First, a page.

The tsunami of closures and sackings which the Euro has unleashed on the southern economies of the zone has now washed up as a wave of closures of heavy plant here in the UK. We do not suffer the intense misery of the fixed exchange rates and EU managed budgets afflicting Greece, Spain and Portugal, but we are suffering from the dear energy policy and from the lack of EU action over fair trade in steel.
I have often warned of the threat of EU policy to energy intensive business in the UK. Our aluminium industry has already been dealt bad blows, and our petrochemical and chemical industry is struggling. Today the threats to steel are large. Redcar has been closed. Llanwern and Scunthorpe are under review.
The steel industry has made three requests of the government at its Steel Summit this week. The first is to get our energy prices down. Under EU rules this is difficult or illegal. However, Germany subsidises her heavy industry to combat this problem. All the time we remain in this job destroying body we may need to do the same. The subsidies are needed to offset the high costs of energy built into the energy policies. The longer term solution is to have our own cheaper energy policy based on more modern gas fired power stations and based on the extraction and creation of more of our own energy.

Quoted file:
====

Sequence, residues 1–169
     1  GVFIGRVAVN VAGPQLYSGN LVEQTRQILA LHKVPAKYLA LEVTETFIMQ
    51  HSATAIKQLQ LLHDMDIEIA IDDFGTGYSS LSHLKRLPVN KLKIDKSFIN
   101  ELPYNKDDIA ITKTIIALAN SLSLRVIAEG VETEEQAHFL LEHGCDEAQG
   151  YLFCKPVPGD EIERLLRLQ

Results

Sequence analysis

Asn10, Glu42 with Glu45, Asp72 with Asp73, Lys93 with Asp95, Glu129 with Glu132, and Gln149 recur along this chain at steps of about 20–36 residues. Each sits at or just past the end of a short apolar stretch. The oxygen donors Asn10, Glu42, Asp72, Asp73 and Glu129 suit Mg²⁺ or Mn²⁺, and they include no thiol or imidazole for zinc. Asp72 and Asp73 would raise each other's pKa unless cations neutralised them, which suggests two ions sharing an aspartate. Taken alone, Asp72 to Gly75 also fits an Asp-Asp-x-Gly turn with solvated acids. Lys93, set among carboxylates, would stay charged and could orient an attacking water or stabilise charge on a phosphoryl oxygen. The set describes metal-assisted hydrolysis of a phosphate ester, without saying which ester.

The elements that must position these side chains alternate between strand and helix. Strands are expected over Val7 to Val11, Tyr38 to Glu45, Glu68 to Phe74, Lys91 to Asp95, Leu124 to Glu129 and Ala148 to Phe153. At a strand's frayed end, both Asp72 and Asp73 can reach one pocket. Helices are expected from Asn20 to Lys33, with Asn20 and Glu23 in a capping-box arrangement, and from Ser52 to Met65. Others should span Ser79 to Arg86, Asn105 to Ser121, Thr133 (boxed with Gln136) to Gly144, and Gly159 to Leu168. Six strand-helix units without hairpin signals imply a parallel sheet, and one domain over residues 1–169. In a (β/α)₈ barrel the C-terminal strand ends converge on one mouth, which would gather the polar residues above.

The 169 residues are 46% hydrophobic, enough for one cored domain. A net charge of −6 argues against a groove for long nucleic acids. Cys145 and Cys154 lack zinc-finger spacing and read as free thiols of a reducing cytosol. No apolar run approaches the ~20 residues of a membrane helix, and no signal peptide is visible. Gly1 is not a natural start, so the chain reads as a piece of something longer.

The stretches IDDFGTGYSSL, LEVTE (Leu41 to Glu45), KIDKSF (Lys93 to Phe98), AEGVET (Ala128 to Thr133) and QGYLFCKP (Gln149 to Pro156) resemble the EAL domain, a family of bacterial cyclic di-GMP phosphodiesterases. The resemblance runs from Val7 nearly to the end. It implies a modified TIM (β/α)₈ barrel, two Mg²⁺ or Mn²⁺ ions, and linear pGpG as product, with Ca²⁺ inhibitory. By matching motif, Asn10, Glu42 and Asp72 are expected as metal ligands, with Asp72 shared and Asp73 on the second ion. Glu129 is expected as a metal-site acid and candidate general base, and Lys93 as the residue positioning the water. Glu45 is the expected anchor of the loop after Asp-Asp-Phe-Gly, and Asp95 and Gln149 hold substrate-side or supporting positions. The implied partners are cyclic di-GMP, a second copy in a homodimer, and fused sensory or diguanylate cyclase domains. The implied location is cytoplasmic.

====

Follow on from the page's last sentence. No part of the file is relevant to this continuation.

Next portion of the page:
The second is business rate relief. This too would be a possibly legal way of assisting our industry at a time of cut throat competition from abroad threatening to destroy our domestic capacity. Taking a smaller percentage in tax now would be better than attempting to sustain a higher percentage of nothing once the plants have closed.
The third is anti dumping cases where foreign suppliers are dumping. Proving that is never easy , but as the custodians of our trade policy the EU could at least try to do that to help.
The UK is going to need a lot of steel to build cars in our successful motor industry, to modernise and expand the railway, to add to the stock of taller offices and flats in our main cities, to sustain our oil, gas and petrochemical industry and for many other uses. This is worth fighting for. It once again highlights just how much damage to jobs and living standards some EU policies do.